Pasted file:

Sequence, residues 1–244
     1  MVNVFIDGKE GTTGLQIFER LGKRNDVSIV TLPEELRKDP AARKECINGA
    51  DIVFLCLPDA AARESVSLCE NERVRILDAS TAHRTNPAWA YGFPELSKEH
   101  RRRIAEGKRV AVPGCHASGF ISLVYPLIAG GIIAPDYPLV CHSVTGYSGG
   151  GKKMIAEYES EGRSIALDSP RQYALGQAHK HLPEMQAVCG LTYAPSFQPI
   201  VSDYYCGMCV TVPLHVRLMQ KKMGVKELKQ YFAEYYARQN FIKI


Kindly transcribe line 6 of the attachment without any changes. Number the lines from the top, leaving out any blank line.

   201  VSDYYCGMCV TVPLHVRLMQ KKMGVKELKQ YFAEYYARQN FIKI